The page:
How a ‘computer guy’ came to be a Promise Fellow for kids who have it tough

William Lah got involved at a local middle school, pledging that students will have a caring adult in their life, no matter what. Among other things, he helps them envision a future at college.

Courtesy of Encore.org
William Lah (shown here at a track meet) identifies sixth- through 10th-graders who need extra support.

This essay is part of an occasional series provided by our partner organization Encore.org, which is building a movement to tap the skills and experience of those in midlife and beyond to improve communities and the world. Read more stories and share yours at Encore.org/story.

My main career has been in information technology: I was “the computer guy.” Where I live in rural northern Minnesota, good tech jobs were scarce, but I managed to piece things together – working with businesses and teaching courses at a local college.

Then I got divorced and found myself as a single parent with one son in high school and another in elementary. Without a permanent job working on computers, I was concerned about my family’s future.

So I sat down with my sons to discuss whether we should move to where the higher-paying jobs are. But we decided to stay and I’d go back to college for more training, even though it meant we’d be living on less.

While I work toward an education degree, I have become what’s called a Promise Fellow in a local middle school, as part of a program affiliated with the Minnesota Alliance With Youth.

Among the “promises” we make at the start of each school year is that the students will have a caring adult in their life, no matter what. My fellow “Fellows” and I don’t teach. We do what’s called “whole-life support” because our students need more than just academics to succeed.

Why? Their lives aren’t easy. The rural counties I live and work in have experienced a huge downturn in the primary industry of iron mining. The poverty experienced by my students and their families is often exacerbated by mental health issues, plus drug and alcohol abuse.

Paid a monthly stipend of about $1,000 from AmeriCorps, I identify sixth- through 10th-graders who need that extra bit of help.

Recently I asked one of my students, “What is keeping you from being able to come to school?” It turned out he has trouble waking up on time.

Why? His alarm didn’t go off.

Why? Because he sleeps on the floor at his uncle’s house and there’s no outlet where his phone can be charging.

So I got him an extension cord.

With our attention, the students feel supported. Most of the kids have a lot of abilities and are way smarter than they give themselves credit for. We take them to college campuses and get them to visualize their future. It helps them realize that if they can get a good grade in math, they have a future.

I’ve always liked talking and working with kids. But I actually think my age (50-something) has been an advantage. I’ve raised a couple of kids. I’ve gone through some rough times personally. I’ve had so many jobs that I can step in and apply my background.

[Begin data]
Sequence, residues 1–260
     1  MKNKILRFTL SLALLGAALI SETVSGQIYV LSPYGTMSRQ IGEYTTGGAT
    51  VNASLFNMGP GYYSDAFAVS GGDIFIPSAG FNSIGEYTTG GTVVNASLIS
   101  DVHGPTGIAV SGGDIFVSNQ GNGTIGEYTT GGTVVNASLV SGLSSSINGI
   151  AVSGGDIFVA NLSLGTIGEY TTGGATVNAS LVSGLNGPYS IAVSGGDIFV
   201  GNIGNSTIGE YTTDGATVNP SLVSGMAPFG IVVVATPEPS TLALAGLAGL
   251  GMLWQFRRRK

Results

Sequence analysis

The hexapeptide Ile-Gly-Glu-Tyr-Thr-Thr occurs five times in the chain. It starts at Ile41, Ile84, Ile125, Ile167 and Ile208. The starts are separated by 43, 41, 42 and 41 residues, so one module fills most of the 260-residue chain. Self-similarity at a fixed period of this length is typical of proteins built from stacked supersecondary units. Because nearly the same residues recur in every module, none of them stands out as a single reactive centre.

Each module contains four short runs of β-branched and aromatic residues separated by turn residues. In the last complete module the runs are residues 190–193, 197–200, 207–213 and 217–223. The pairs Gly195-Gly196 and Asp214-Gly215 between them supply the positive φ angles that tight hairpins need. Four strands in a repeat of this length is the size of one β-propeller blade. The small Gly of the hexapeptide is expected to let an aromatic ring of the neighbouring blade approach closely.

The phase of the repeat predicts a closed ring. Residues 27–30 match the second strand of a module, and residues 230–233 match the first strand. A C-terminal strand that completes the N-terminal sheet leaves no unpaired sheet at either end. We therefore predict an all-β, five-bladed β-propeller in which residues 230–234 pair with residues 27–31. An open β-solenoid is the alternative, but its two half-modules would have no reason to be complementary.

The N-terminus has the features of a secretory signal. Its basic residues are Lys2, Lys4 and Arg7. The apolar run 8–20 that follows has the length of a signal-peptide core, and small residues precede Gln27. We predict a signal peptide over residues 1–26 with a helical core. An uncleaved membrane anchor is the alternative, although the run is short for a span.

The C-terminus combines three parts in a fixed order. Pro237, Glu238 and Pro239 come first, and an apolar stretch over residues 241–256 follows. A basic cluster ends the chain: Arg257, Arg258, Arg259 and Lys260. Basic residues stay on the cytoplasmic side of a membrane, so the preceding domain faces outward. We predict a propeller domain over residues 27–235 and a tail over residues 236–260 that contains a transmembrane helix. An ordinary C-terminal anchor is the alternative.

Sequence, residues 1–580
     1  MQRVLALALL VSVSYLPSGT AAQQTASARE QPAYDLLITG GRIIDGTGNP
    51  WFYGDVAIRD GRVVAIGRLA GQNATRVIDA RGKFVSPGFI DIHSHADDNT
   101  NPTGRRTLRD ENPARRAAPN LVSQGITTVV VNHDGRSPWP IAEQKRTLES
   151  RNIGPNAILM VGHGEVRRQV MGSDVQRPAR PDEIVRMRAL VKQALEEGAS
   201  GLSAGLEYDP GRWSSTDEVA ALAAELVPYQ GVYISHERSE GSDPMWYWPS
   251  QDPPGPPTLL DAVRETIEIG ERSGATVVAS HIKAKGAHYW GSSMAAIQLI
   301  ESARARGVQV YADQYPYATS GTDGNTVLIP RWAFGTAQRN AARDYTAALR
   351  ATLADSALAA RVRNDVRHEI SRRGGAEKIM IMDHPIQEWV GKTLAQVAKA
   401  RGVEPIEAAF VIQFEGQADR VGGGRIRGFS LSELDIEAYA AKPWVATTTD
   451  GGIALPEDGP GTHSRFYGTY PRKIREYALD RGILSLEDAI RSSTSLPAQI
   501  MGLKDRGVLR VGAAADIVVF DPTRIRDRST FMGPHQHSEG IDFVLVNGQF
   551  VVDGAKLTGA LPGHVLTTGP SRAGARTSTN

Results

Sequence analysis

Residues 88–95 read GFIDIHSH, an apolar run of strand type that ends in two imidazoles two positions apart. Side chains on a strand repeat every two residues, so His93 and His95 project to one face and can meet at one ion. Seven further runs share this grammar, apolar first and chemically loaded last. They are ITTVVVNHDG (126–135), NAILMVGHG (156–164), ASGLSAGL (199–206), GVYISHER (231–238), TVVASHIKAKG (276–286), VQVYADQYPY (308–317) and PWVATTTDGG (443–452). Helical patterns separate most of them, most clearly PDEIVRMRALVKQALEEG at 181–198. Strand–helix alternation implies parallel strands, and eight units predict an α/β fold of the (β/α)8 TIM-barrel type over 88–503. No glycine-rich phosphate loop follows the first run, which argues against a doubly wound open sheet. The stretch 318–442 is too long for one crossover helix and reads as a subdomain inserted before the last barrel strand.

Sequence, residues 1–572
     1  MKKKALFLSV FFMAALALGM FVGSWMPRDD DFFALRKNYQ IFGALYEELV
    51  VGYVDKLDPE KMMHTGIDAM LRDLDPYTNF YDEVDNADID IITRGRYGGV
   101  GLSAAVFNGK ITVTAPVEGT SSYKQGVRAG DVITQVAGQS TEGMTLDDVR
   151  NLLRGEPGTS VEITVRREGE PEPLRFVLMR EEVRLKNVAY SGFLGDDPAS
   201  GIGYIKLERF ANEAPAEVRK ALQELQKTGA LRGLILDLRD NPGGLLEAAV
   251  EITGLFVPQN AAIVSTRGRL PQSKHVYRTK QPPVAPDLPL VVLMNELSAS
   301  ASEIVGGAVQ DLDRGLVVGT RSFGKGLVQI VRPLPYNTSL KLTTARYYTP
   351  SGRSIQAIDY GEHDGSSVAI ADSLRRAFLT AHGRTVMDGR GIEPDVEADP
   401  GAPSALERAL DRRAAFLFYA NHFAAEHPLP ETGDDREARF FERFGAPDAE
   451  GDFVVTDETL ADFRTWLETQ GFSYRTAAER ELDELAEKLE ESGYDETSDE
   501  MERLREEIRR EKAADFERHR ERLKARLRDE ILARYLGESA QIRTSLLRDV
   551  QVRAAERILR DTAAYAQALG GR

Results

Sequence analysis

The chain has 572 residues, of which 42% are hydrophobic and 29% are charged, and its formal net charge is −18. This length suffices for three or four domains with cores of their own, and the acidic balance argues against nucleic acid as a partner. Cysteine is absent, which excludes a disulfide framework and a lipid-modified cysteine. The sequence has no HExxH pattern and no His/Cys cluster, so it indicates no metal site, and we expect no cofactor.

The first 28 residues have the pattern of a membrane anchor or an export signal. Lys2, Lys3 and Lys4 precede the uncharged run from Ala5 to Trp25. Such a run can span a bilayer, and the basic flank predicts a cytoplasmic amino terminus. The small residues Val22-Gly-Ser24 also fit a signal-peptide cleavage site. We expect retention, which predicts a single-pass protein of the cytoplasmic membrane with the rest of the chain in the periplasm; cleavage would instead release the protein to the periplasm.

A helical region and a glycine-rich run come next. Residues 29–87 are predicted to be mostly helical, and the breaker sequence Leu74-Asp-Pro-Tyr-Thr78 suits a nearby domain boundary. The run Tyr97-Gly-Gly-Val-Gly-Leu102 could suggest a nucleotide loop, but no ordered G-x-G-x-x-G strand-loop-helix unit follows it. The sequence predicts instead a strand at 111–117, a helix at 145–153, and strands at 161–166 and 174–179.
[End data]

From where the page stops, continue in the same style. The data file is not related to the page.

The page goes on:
I had worked with two students in our 2016 graduating class at Northern Lights Community School. Both are going to college this fall. These are the same kids who laughed at me when I first mentioned college to them, so I know I’ve played a role in their lives.

 The Promise Fellows program was created in the 1990s by the Corporation for National and Community Service and America’s Promise Alliance to deliver on five promises that young people need to succeed: caring adults, safe places, a healthy start, effective education, and opportunities to help others.

You've read  of  free articles. Subscribe to continue.

Dear Reader,

About a year ago, I happened upon this statement about the Monitor in the Harvard Business Review – under the charming heading of “do things that don’t interest you”:

“Many things that end up” being meaningful, writes social scientist Joseph Grenny, “have come from conference workshops, articles, or online videos that began as a chore and ended with an insight. My work in Kenya, for example, was heavily influenced by a Christian Science Monitor article I had forced myself to read 10 years earlier. Sometimes, we call things ‘boring’ simply because they lie outside the box we are currently in.”

If you were to come up with a punchline to a joke about the Monitor, that would probably be it. We’re seen as being global, fair, insightful, and perhaps a bit too earnest. We’re the bran muffin of journalism.

But you know what? We change lives. And I’m going to argue that we change lives precisely because we force open that too-small box that most human beings think they live in.

The Monitor is a peculiar little publication that’s hard for the world to figure out. We’re run by a church, but we’re not only for church members and we’re not about converting people. We’re known as being fair even as the world becomes as polarized as at any time since the newspaper’s founding in 1908.

We have a mission beyond circulation, we want to bridge divides. We’re about kicking down the door of thought everywhere and saying, “You are bigger and more capable than you realize. And we can prove it.”

If you’re looking for bran muffin journalism, you can subscribe to the Monitor for $15. You’ll get the Monitor Weekly magazine, the Monitor Daily email, and unlimited access to CSMonitor.com.

QR Code to How a ‘computer guy’ came to be a Promise Fellow for kids who have it tough
Read this article in
https://www.csmonitor.com/World/Making-a-difference/Change-Agent/2016/1109/How-a-computer-guy-came-to-be-a-Promise-Fellow-for-kids-who-have-it-tough
QR Code to Subscription page
Start your subscription today
https://www.csmonitor.com/subscribe